“Why do you hate me?” My father said abruptly to me. It was late and we were the last people up in the house. I was a bit stunned by the question. My dad would proceed to tell me why Jen and I adopting was spitting in his face. I was shocked and frustrated with the conversation that would follow. The depth of my shock was built upon the fact that our decision to adopt was largely a result of the faith I had developed growing up in my father’s house. Years of church and youth group telling me that love of God was love of orphan, care for the stranger, and the willingness to give up one’s life for the other. Adoption was (and still is) the natural outgrowth of the values transferred from a faith built in my childhood. Up to that point I would have attributed a lot of my desire to adopt upon my parents insistence that I go to church.
In Dare to Lead Brené Brown argues that the primary reason leaders fail is a lack of courage. Through her research in social work, using grounded theory, she and her team discovered that there are four skill sets necessary to increase courage: vulnerability, values, trust, and the ability to overcome struggle and rise.1 The most interesting of these topics, to me at least, is her work in values. Brown argues that values are “a way of being or believing that we hold most important.”2 But for values to be of value they need to come with us everywhere and not be watered down or discarded at difficult times.3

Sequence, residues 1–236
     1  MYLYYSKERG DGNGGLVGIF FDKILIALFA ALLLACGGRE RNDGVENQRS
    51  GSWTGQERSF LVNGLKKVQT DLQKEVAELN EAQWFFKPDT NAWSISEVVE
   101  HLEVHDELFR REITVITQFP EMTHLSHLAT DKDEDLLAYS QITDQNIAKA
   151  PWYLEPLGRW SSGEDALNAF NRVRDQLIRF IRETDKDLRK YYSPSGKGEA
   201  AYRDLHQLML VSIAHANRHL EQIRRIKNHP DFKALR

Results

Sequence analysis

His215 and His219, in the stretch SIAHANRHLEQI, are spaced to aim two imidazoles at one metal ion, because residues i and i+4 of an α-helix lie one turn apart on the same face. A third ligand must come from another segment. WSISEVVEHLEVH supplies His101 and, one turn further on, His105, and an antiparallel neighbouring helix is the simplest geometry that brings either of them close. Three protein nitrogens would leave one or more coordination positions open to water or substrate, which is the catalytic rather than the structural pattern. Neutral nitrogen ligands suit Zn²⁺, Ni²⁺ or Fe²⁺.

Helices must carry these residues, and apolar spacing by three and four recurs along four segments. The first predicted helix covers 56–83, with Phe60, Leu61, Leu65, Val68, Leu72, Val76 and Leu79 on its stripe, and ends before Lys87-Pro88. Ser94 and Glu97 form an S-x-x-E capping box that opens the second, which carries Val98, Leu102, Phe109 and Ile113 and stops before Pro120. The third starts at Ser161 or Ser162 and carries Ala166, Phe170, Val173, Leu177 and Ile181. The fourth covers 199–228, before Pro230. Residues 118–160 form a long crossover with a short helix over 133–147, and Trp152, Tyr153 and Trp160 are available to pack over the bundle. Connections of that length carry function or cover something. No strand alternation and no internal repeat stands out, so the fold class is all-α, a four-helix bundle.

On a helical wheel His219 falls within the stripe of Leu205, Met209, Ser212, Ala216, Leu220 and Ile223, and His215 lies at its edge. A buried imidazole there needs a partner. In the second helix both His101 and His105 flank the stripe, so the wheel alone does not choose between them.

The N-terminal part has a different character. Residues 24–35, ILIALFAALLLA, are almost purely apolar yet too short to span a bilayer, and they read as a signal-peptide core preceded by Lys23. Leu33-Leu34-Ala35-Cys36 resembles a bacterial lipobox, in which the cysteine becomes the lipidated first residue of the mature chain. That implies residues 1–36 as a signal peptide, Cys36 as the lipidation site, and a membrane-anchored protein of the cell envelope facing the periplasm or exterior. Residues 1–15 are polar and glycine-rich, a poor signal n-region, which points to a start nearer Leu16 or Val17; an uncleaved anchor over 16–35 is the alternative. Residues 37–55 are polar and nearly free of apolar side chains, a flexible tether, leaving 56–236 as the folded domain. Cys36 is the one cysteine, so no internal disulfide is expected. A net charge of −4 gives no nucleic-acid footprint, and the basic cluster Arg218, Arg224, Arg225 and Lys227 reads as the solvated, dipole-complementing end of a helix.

I was fortunate to have a conversation this week with the leader of a non-profit in town about the work of motivating people to action. He made the point that moving people from inaction to action is about changing the perception of what is being asked from novel to being normal. So long as the act is itself novel the common response will be, “I could never do that” or some variation on how it is weird. So long as the leaders keep the courage of their convictions – or values in Brown-speak – they will be able to move the perception from novel to normal.
Thinking through my interaction with my father that night, I can understand why it seemed so strange to him that we would adopt. It was something no one in my family had ever done. There was risk involved and no guarantee of success. It was novel and it was different. But by the time we began the process of our second and third adoptions his perception of it had changed to one of delight with the process.
While all this moving from novel to normal was a result of Jen and I not backing down from our shared values that adoption was both good and a calling from God, there is still the question of why my father’s reaction was so severe. I think the answer to that is that we had contradicting values. My father’s values were tied around having a grandson with a last name of Dean that shared his DNA – one of his arguments that night was that I was destroying the Dean line. The conflict of values caused what Haidt might call an elephant fight. My dad’s emotions and instincts were running his half of the conversation. My emotions and instincts were in on it as well, except I had thought through what I believed beforehand, so my elephant was working in conjunction with its rider. This combined sense of self allowed me to get through that conversation and continue on the path Jen and I had decided to walk. I believe this is why Brown argues that you need to work out your values before they get challenged.4
Thankfully, my father loves our sons now, but the only way for us to get from that night years ago to today was through a firm set of values. I am rarely brave, but I can see that Brown is onto something and I am thankful for the work she is doing to help us all become a little braver.
1. Brown, Brené. Dare to Lead: Brave Work, Tough Conversations, Whole Hearts. London: Vermilion, 2018. 11
2. ibid. 186
3. ibid. 186
4. ibid. 186